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Nutson's Nuggets - Automotive News Factoids Week of May 5-11, 2014


Auto Central Louisville, KY May 11, 2014 Each week Larry Nutson, Senior Editor, New York Bureau of The Auto Channel, along with Steve Purdy and Thom Cannell from The Auto Channel Michigan Bureau give you easy to digest nuggets of the past week's automotive news you may have missed.

If you are a car nut like we all are, you can easily "catch up" on these stories as well as the past 17 year's 1,589,987 automotive news, automotive stories, articles, reviews, rants and raves by just searching for the subject you are interested in The Auto Channel's Automotive News Archive. Hey South Florida TV viewers, I know you are enjoying watching The Auto Channel's TACH-TV on channel 44 WHDT-TV Palm Beach (Cable 17 and 438, channel 9 Miami and channel 32 Fort Meyers-Naples, and thanks for the positive feedback....See you next week, LN

Automotive News Factoids Week of May 5-11, 2014

* Sergio Marchionne, CEO of Fiat S.p.A. and Chairman and CEO of Chrysler Group LLC, and his leadership team presented the Fiat Chrysler Automobiles’ (FCA) 2014-2018 business plan to an audience of more than 380, including members of the financial community, dealers, suppliers, labor representatives and members of the media, in Auburn Hills, Mich. Chrysler brand will grow, becoming a volume producer, with a new minivan and a Chrysler 100 sedan. Dodge will be for hot rodders and loses a couple models including the minivan. Ram keeps on and Jeep gets a couple new models and grow sales to 1 million units. And of course, Alfa comes to the U.S. Signage at the Auburn Hills headquarters was changed to FCA, from the former Chrysler. Next, the large pentastar glass window at the top the building gets an architectural makeover.

* For only the second year since 1997, U.S. motorcyclist fatalities are projected to decrease in 2013, according to a new analysis of preliminary state data released today by the Governors Highway Safety Association (GHSA). The latest Spotlight on Highway Safety report also notes that despite the probable 7 percent decrease in rider deaths, motorcyclist safety has not improved in fifteen years. Weather, according to the report, was the predominate factor to explain the drop in motorcyclist fatalities from 2012 to 2013. The first six months of 2012 were unusually warm and dry across the nation, prompting an uptick in ridership. The weather in the first nine months of 2013, however, was cooler and wetter, similar to 2011, when fatalities dropped in many states.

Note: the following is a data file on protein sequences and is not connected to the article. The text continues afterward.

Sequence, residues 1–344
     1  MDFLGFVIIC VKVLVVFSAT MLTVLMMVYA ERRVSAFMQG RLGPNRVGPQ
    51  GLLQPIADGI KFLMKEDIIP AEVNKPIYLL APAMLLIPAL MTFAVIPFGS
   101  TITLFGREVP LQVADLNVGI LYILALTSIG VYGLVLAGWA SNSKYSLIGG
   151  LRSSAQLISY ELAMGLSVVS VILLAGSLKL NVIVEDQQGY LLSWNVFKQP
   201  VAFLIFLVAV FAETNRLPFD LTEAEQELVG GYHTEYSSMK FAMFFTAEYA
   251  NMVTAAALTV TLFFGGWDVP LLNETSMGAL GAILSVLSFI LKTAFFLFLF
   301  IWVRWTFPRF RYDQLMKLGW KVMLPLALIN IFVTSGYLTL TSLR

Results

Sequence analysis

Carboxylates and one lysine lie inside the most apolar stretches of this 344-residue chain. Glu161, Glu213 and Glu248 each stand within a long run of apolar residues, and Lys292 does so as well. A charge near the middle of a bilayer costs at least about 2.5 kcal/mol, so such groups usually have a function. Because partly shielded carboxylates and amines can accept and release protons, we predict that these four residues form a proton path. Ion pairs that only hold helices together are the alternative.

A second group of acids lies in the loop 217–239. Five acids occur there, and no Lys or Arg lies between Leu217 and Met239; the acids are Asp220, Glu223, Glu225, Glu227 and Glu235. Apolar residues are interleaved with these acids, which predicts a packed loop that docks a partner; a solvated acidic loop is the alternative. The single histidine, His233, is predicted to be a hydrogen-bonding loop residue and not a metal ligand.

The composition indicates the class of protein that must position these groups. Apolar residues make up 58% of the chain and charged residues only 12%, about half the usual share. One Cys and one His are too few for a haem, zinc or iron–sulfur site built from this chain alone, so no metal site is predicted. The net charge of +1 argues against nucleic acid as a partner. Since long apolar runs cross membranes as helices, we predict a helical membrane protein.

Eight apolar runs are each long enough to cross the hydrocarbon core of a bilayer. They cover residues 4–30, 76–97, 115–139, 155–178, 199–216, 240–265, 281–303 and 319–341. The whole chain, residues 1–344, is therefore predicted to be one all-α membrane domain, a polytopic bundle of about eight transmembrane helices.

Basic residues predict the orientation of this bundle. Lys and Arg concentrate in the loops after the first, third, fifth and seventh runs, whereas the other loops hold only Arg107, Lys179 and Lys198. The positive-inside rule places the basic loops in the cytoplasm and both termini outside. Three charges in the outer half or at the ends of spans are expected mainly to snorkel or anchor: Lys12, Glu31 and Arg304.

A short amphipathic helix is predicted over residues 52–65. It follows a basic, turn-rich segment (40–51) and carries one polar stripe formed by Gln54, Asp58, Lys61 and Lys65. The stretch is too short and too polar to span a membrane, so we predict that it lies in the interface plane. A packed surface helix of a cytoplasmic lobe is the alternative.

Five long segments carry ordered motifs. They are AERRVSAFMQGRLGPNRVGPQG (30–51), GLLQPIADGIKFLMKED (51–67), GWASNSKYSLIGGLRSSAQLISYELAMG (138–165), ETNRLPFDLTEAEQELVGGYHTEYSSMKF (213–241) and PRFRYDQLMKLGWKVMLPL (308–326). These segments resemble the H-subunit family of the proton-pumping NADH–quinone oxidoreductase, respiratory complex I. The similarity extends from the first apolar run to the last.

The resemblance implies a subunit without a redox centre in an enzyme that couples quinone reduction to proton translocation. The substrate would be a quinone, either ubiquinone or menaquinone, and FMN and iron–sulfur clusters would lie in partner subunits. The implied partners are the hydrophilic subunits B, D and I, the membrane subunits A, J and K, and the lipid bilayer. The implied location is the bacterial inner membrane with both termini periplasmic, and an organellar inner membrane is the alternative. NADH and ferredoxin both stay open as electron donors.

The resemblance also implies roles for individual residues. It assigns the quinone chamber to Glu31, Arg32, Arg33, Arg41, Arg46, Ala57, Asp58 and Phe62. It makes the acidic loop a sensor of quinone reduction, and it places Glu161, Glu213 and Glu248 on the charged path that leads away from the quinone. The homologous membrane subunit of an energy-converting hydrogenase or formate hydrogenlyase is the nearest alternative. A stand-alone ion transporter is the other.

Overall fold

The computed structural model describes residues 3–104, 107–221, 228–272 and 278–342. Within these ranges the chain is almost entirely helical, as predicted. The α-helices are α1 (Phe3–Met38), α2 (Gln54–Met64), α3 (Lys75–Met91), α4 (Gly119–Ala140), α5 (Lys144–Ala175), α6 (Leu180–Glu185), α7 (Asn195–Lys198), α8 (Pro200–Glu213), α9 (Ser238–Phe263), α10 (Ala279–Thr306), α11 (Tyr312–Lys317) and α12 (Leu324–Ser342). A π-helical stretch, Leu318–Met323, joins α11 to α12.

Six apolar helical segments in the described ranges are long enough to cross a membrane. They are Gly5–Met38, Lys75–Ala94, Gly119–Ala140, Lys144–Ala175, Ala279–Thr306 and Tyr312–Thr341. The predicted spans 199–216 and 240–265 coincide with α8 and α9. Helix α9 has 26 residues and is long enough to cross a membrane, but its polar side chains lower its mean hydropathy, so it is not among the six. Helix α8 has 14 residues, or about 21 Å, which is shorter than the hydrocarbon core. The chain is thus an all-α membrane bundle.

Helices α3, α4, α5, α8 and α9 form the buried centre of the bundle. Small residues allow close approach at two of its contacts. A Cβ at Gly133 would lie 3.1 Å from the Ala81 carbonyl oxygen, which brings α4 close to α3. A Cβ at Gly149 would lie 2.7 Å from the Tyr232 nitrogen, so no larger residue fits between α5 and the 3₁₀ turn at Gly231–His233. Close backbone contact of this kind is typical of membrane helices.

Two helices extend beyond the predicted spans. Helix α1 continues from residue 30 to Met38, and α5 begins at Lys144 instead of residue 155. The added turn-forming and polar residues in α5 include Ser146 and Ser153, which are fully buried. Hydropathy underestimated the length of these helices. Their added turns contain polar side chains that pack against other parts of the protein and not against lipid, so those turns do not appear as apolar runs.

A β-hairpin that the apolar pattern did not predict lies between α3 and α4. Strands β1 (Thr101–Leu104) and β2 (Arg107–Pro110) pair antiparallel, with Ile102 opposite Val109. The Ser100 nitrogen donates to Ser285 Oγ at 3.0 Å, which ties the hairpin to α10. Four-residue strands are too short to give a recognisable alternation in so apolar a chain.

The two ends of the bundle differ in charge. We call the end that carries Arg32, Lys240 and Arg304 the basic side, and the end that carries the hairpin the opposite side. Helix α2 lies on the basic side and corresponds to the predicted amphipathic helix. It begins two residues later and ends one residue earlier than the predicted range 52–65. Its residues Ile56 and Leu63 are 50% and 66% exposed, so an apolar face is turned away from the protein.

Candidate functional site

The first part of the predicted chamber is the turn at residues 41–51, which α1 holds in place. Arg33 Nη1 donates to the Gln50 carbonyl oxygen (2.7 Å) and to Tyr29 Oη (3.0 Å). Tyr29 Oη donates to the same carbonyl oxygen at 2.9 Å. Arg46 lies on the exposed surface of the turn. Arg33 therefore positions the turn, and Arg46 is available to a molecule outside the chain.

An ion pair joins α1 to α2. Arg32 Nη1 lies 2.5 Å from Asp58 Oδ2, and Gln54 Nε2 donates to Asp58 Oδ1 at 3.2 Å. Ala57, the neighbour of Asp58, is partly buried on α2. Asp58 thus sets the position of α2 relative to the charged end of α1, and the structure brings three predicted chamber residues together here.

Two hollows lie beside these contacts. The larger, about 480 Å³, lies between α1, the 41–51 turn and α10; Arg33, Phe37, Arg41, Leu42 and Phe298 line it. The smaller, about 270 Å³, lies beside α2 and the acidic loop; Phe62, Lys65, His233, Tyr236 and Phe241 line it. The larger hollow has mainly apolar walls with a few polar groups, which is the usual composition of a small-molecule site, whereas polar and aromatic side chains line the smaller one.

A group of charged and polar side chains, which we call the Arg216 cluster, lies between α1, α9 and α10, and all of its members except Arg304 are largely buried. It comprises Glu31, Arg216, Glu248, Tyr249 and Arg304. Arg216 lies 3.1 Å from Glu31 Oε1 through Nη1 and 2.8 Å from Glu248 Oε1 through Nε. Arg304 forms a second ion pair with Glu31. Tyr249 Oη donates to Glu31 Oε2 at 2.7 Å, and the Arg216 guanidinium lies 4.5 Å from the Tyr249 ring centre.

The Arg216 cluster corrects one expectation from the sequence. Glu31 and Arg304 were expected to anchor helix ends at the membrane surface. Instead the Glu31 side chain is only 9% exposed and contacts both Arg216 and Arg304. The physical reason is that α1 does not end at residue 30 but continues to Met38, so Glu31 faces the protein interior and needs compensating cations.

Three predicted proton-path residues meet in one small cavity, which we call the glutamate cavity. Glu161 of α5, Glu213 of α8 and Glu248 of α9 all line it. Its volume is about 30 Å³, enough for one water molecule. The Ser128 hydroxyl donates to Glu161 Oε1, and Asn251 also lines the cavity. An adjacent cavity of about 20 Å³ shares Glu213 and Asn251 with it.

* For those concerned about the modest power (a turbo1.8-L four making just 134 horsepower) of the exotic little Alfa Romeo 4C we'll have here soon, take heart. Harald Wester, Alfa CEO is quoted this week taunting the sports car's stiffness which would accommodate more power. He also said "the first adjustment would be the brakes." The U.S. version of the car is already blessed with more content since we demand more than Europeans.

* Our friends at The Detroit Bureau report that the California Energy Commission is investing $46.6 million to accelerate the development of hydrogen fueling stations. The cash infusion will add 28 new stations to the existing nine stations. There are another 17 sites in various stages of development, which would bring the total stations expected online in the next couple of years to 54. That commission’s goal is 100 stations.

* Stable gas prices and solid sales of light trucks and larger SUVs and CUVs are skewing average fuel economy numbers downward. The average fuel economy for vehicles sold in April was 25.2 mpg, down 0.02 from March according the University of Michigan survey team who keep track of that number. On the brighter side that number is 5.1 mpg higher than when they began the survey in 2007.